The rosy tetra has a light pink-white body with red fins, except the dorsal fin which can be black or white, and the caudal fin which is pink-white with two elliptical red spots on it. It has a faint black line from the top of its eyeball through the pupil, to the bottom of the eyeball. Like many other tetras, the males have longer dorsal fins than the females.
In the aquarium
|This article contains instructions, advice, or how-to content. (November 2012)|
Generally, they are peaceful fish that do well in shoals of about six to ten or more, and they rarely attack other fish in a community tank.
The rosy tetra is a tropical fish and a temperature of between 24 and 28 °C (75 and 82 °F) is suitable. In the wild they come from areas with soft acid water, but the adults can tolerate neutral or even slightly alkaline water in an aquarium.They thrive in very acidic water with a pH of 5.5-7.5 where they can display their colouration more vividly, although they are, however, able to survive in slightly alkaline water.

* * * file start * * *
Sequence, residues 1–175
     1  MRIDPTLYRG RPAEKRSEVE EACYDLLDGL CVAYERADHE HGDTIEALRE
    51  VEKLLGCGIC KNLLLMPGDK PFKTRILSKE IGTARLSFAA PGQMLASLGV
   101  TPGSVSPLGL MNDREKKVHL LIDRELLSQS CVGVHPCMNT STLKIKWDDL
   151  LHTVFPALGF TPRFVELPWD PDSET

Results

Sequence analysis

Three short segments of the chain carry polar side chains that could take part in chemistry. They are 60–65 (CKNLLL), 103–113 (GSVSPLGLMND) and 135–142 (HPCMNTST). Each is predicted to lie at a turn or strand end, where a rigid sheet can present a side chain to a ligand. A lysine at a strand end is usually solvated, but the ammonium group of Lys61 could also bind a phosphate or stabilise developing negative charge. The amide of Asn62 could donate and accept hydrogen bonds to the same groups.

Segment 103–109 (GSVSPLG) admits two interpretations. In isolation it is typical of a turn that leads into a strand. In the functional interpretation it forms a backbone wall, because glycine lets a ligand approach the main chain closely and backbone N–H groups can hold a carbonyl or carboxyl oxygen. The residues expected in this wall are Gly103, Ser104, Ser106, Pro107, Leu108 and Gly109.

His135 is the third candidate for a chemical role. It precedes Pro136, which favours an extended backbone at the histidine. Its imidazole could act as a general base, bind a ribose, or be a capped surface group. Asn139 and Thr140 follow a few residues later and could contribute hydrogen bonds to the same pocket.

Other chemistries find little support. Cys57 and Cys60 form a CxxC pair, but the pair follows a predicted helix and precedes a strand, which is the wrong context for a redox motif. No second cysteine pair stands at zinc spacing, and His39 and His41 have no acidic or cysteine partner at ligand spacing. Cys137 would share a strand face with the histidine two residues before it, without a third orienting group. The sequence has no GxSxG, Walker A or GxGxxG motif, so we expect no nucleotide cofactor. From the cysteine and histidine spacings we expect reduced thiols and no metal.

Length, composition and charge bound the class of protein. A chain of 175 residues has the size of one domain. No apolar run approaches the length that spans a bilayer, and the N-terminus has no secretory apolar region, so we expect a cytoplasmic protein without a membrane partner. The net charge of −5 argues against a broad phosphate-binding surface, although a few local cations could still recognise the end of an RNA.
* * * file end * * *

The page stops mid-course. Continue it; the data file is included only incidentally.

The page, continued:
The rosy tetra is an egg scattering school spawning fish in the wild. In an aquarium it is often spawned as a pair. 100 eggs can be laid by one female, usually in the early morning, and over fine leaved plants.
The IUCN red list has not evaluated the likelihood of this species becoming extinct.